The three downsides of cloud computing


Date: 7 November 2013

The three downsides of cloud computing/thunderstorm{{}}Cloud computing has had a huge impact on business technology in recent years. It is capable of offering on-demand computing power, email services, collaboration tools, disaster recovery systems and security, often at a lower cost compared to on-site hardware and software.

The cloud is still growing fast, but before your company embraces it wholeheartedly, it’s worth looking beyond the hype to check out the possible downsides.

Like most technologies, the cloud does have some disadvantages. Here are three important ones.

1. Availability

When using cloud computing services you are heavily reliant on the availability of your internet connection and of the cloud service itself. Investing in a robust internet connection with a backup will ensure things are reliable at your end.

It’s also important your cloud provider’s servers are located in more than one data centre. This ensures they can continue providing you with access to files and data, even during problems at one of their data centres.

2. Security and privacy

Who can access your data? Is it safe on your cloud provider’s servers? Could it be stolen?

Every reputable cloud provider should meet all relevant data protection legislation and operate robust, encrypted networks. But even if you’re confident about your provider’s security precautions, the biggest dangers may lie elsewhere.

More specifically, those dangers may lie within your own business. Because using the cloud will enable your staff to access company data from anywhere, you need to work harder to make sure it stays within your business.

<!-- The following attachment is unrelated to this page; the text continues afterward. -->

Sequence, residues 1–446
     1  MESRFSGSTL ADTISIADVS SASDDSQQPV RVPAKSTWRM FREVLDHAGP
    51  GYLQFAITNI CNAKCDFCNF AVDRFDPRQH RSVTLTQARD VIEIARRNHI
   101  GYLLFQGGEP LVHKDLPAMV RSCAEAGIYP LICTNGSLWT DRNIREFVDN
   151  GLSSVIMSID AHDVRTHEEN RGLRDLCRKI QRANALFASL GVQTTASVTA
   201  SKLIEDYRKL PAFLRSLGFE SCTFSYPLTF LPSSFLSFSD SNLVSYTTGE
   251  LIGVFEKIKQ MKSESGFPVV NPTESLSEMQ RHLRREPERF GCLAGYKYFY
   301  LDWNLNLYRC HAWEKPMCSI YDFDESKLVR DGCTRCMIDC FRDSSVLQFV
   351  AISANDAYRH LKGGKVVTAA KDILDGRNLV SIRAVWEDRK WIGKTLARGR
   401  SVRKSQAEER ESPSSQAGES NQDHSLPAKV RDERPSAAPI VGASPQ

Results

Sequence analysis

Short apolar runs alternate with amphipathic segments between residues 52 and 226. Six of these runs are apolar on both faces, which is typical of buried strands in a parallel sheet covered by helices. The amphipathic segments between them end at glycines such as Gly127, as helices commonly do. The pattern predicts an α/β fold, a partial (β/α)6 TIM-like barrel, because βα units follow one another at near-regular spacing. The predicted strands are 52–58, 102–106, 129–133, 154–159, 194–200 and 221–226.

3. Accountability

Moving to the cloud does not mean liability falls into someone else’s hands. You still have full responsibility for your business operations, yet using the cloud means you’re effectively outsourcing some of your IT systems.

It is vital that you have a contingency plan to overcome any potential risks. For instance, how would you cope if your internet connection failed or your cloud provider went bust?

Get professional advice

If you’re considering a move to the cloud but want to proceed with caution, it’s important to seek a provider that can offer you advice and solutions tailored to your business.

It can be a good idea to identify a supplier that offers IT consultancy, support and traditional in-house expertise alongside cloud services. Moving everything into the cloud at once isn’t usually practical, but you can strategically move services when it’s right for your business.

This is a guest post from Leia Solanki, Marketing Executive; Tegen Ltd

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